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David Archuleta Reveals What His Mom Texted After 'Hell Together' Came Out (Exclusive)

The singer hopes parents know they don't "have to leave their religion to love their kids, but they don't have to leave their kids to love their religion either”"

<p>Shaun Vadella</p> David Archuleta beside a TV showing him competing on ‘American Idol’ in 2008

Shaun Vadella

David Archuleta beside a TV showing him competing on ‘American Idol’ in 2008

When David Archuleta, who came out as queer in 2021, revealed to PEOPLE in 2022 that he felt “liberated” after leaving the Mormon church, the singer didn’t hear from his mom for a few days. Archuleta, now 33, thought Lupe Marie Mayorga would never speak to him again.

Days later, she texted him saying she had also decided to step away from the Church of Jesus Christ of Latter-day Saints. In an Instagram video explaining the inspiration behind his new single “Hell Together,” which came out on Thursday, the American Idol alum said, “She [texted], ‘I don’t want to be somewhere where my children don’t feel welcomed, loved, and accepted … if you’re going to Hell, we are all going to Hell with you.’ ”

Today, nearly 17 months after stepping back from his Mormon faith, he shared the sweet text his mom sent him after “Hell Together” came out.

“We spoke last night over text,” Archuleta tells PEOPLE. “We don’t usually talk a lot, but she joined my YouTube livestream premiering the ‘Hell Together’ lyric video and it was fun to have her there! She just said after the livestream: ‘😘 Great job sweetheart 👏👏👏👏👍❤️❤️❤️.’ ”

After revealing the text exchange, the “Crush” hitmaker thanked her.

“Thanks, Mom, for teaching me how to love someone even when you don’t fully understand their experience and it can be scary to be open to understand,” Archuleta says. “It meant a lot to see she was willing to go to Hell with me and back to make sure I wasn’t alone in my journey.”

<p>Bruce Glikas/FilmMagic</p> David Archuleta and his mom Lupe Marie Mayorga in New York City in November 2008

Bruce Glikas/FilmMagic

David Archuleta and his mom Lupe Marie Mayorga in New York City in November 2008

Related: David Archuleta on His Mom's Support After She Had a 'Hard Time Accepting' Him as LGBTQ (Exclusive)

He then offered a message to other parents of LGBTQ+ children.

“Not all families do that for their queer kids or for their kids who leave their religion,” he adds. “So I hope [other parents] can take into consideration that they may not have to leave their religion to love their kids, but they don’t have to leave their kids to love their religion either. You can still love your kids even if they don’t stay with what you had in mind for them.”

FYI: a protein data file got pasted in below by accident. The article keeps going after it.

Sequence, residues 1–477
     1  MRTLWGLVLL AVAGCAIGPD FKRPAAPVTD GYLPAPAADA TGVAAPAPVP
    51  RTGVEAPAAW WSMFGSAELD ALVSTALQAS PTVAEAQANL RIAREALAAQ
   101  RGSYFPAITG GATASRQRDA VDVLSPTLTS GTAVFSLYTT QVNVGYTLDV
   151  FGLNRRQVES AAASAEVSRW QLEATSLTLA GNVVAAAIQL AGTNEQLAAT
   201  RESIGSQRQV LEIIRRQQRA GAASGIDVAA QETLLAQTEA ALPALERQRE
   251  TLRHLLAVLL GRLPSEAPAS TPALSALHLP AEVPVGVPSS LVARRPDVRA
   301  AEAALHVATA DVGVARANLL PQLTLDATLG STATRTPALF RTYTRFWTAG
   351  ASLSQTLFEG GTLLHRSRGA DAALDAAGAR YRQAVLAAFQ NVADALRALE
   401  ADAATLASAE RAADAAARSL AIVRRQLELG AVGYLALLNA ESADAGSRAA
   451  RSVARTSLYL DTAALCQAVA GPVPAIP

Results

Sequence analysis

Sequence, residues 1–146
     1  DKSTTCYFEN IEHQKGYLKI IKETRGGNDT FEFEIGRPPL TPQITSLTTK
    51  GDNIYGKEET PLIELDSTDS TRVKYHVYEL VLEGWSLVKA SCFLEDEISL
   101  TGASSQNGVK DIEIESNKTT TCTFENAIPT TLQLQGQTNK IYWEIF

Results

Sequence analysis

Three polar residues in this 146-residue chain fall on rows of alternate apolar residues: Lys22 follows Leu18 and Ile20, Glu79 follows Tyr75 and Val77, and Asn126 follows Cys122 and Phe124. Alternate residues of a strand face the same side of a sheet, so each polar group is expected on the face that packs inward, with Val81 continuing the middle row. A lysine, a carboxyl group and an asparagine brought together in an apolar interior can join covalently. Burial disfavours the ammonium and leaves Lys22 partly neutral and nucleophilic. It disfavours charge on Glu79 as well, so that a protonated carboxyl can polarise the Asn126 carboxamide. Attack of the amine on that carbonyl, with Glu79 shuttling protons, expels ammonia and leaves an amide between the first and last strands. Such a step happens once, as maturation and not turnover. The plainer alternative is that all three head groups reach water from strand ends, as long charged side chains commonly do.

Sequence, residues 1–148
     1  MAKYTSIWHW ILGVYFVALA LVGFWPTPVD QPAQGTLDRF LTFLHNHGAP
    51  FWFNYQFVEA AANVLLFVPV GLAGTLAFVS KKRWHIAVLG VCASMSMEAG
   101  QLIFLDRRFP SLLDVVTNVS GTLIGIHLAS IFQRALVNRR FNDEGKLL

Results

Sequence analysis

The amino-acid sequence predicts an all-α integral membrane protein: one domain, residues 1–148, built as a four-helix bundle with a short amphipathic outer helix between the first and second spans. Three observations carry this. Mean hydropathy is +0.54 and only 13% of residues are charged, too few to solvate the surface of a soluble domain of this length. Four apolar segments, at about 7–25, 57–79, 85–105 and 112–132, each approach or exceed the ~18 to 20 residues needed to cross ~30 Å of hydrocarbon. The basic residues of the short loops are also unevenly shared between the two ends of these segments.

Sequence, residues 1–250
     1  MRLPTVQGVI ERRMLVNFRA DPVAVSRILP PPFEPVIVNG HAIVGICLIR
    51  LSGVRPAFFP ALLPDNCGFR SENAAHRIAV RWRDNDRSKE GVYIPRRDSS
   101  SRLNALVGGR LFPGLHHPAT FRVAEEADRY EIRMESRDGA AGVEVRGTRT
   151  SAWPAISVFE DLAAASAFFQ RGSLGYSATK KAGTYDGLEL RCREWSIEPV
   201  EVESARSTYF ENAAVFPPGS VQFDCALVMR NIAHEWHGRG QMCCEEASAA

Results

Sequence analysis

The new song has been well-received by fans and friends. In another Instagram video posted on Thursday, Archuleta plays “Hell Together” for three of his friends and music collaborators — popular violinist Lindsey Stirling and viral singers Anthony Gargiula and Jonathan Tilkin — to listen to in a car before it was released to get their instant reactions.

“It was really heartwarming to get friends who I love and respect for their music talents reacting to the song and being touched by it,” Archuleta says.

Related: David Archuleta Says Mormon Friends Are 'Cold' to Him 1 Year After Leaving Church: 'They've Moved On' (Exclusive)

The “Afraid to Love” singer also faced some haters upon the song’s release, with one person messaging him, “Can’t you walk away quietly!!??? What is it that you think you have to announce to the world that you’re leaving the church!? Just leave! I don’t get it! Please explain!!!”

Archuleta shared that direct message on his Instagram story, answering the person’s questions with: “Because I was told to be quiet for too long about my sexuality and I think it’s fair for me to tell my story and my truth. As someone in the public eye I share things I feel are important and part of my journey and this is part of my life and journey as it is for many others.”

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The out-and-proud artist is hopeful people can understand his years-long journey navigating faith and sexuality, especially under the spotlight.

“It’s not always easy,” Archuleta admits. “There can be heartbreak and it can be scary going into the unknown into transitioning out of faith or into accepting yourself as a queer person.

“It makes a world of a difference to have your loved ones supporting you. I am so grateful my mom and the rest of my family were there for me.”

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